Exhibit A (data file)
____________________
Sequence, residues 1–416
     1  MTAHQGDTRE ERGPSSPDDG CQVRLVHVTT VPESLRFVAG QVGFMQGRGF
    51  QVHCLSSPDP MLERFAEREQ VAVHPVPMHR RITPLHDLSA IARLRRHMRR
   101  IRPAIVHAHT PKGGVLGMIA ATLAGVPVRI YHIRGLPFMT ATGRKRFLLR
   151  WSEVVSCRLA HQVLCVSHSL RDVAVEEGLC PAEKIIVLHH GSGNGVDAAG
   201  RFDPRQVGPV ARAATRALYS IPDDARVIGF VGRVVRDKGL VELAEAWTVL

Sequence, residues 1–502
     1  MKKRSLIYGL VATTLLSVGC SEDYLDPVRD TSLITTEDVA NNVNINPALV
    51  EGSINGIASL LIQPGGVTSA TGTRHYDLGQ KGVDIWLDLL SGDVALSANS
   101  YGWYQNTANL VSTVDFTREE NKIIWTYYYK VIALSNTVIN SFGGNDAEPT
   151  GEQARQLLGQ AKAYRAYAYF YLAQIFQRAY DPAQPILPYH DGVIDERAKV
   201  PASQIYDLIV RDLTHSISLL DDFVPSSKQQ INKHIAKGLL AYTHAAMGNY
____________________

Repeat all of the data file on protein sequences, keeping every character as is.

Sequence, residues 1–416
     1  MTAHQGDTRE ERGPSSPDDG CQVRLVHVTT VPESLRFVAG QVGFMQGRGF
    51  QVHCLSSPDP MLERFAEREQ VAVHPVPMHR RITPLHDLSA IARLRRHMRR
   101  IRPAIVHAHT PKGGVLGMIA ATLAGVPVRI YHIRGLPFMT ATGRKRFLLR
   151  WSEVVSCRLA HQVLCVSHSL RDVAVEEGLC PAEKIIVLHH GSGNGVDAAG
   201  RFDPRQVGPV ARAATRALYS IPDDARVIGF VGRVVRDKGL VELAEAWTVL

Sequence, residues 1–502
     1  MKKRSLIYGL VATTLLSVGC SEDYLDPVRD TSLITTEDVA NNVNINPALV
    51  EGSINGIASL LIQPGGVTSA TGTRHYDLGQ KGVDIWLDLL SGDVALSANS
   101  YGWYQNTANL VSTVDFTREE NKIIWTYYYK VIALSNTVIN SFGGNDAEPT
   151  GEQARQLLGQ AKAYRAYAYF YLAQIFQRAY DPAQPILPYH DGVIDERAKV
   201  PASQIYDLIV RDLTHSISLL DDFVPSSKQQ INKHIAKGLL AYTHAAMGNY